Drawing of hammer depicted on runic inscription Sö 86 located in Åby, Uppland, Sweden.

Eitri then puts iron in the forge and tells Brokkr to never stop blowing. Loki comes again and bites Brokkr on the eyelid much harder than before and the blood makes him stop blowing for a short while. When Eitri comes and takes out Mjöllnir, the handle is a bit short (making it one handed). Eitri and Brokkr win the bet, which was Loki's head. However, the bet cannot be honoured, since they need to cut the neck as well, which was not part of the deal. As a result, Brokkr sews Loki's mouth to teach him a lesson.

Poetic Edda

Thor possessed a formidable chariot, which is drawn by two goats, Tanngrisnir and Tanngnjóstr. A belt, Megingjörð, and iron gloves, Járngreipr, were used to lift Mjölnir. Mjölnir is the focal point of some of Thor's adventures.

This is clearly illustrated in a poem found in the Poetic Edda titled Þrymskviða. The myth relates that the giant, Þrymr, steals Mjölnir from Thor and then demands the goddess Freyja in exchange. Loki, the god notorious for his duplicity, conspires with the other Æsir to recover Mjölnir by disguising Thor as Freyja and presenting him as the "goddess" to Þrymr.

At a banquet Þrymr holds in honor of the impending union, Þrymr takes the bait. Unable to contain his passion for his new maiden with long, blond locks (and broad shoulders), as Þrymr approaches the bride by placing Mjölnir on "her" lap, Thor rips off his disguise and destroys Þrymr and his giant cohorts.

Archaeological record

Emblemic pendants

Hammer-shaped silver amulet found in Fitjar, Hordaland, Norway.

Myths, artifacts, and institutions revolving around Thor indicate his prominent place in the mind of medieval Scandinavians. His following ranged in influence, but the Viking warrior aristocracy were particularly inspired by Thor's ferocity in battle. In the medieval legal arena, according to Joseph Campbell, "And at the Icelandic Things (court assemblies) the god invoked in testimony of oaths, as 'the Almighty God,' was Thor."[4]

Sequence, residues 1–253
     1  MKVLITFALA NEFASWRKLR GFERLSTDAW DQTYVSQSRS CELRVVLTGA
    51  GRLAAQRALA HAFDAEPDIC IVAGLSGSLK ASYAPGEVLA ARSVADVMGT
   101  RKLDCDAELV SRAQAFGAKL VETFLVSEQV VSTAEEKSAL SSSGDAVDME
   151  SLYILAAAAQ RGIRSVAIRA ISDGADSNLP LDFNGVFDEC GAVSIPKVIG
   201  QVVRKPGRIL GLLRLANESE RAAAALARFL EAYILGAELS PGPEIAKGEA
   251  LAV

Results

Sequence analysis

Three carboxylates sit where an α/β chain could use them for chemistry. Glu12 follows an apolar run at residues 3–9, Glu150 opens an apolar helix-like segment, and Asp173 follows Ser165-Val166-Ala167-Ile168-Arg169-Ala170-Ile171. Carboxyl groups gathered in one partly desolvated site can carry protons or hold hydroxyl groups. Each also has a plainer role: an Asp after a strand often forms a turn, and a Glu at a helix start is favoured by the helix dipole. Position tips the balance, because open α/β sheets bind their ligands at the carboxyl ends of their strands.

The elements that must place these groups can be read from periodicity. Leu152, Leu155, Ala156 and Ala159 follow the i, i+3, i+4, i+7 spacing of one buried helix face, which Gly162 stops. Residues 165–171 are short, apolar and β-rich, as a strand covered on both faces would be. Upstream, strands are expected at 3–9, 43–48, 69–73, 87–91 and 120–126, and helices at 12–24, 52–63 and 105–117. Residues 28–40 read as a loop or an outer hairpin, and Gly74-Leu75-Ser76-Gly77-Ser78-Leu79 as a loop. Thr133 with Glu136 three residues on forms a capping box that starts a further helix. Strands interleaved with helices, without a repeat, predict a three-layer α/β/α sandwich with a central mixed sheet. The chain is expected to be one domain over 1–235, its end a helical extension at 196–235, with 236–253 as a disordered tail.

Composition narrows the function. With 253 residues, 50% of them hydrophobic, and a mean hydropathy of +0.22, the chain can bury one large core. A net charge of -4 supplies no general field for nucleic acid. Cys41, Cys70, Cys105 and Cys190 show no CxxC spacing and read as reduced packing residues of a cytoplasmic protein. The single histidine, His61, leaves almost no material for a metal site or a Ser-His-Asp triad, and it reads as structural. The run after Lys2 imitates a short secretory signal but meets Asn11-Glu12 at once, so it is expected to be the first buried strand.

Emblematic of their devotion were the appearance of miniature replicas of Mjöllnir, widely popular in Scandinavia.

Many of these replicas were also found in graves and tended to be furnished with a loop, allowing them to be worn. Mjölnir amulets were most widely discovered in areas with a strong Christian influence including southern Norway, south-eastern Sweden, and Denmark.[5] Due to the similarity of equal-armed, square crosses featuring figures of Christ on them at around the same time, the wearing of Thor's hammers as pendants may have come into fashion in defiance of the square amulets worn by newly converted Christians in the regions.[6]

The shape taken by these pendants varied by region. The Icelandic variant was cross-shaped, while Swedish and Norwegian variants tended to be arrow or T-shaped. About 50 specimens of such hammers were found widely dispersed throughout Scandinavia, dating from the 9th to 11th centuries. A few such examples were also found in England. An iron Thor's hammer pendant excavated in Yorkshire, dating to ca. AD 1000 bears an unical inscription preceded and followed by a cross, interpreted as indicating a Christian owner syncretizing pagan and Christian symbolism.[7] A 10th century soapstone mold found at Trendgården, Jutland, Denmark is notable for allowing the casting of both crucifix and Thor's hammer pendants.[8] A silver specimen found near Fossi, Iceland (now in the National Museum of Iceland) can be interpreted as either a Christian cross or a Thor's hammer. Unusually, the elongated limb of the cross ends in a beast's (perhaps a wolf's) head.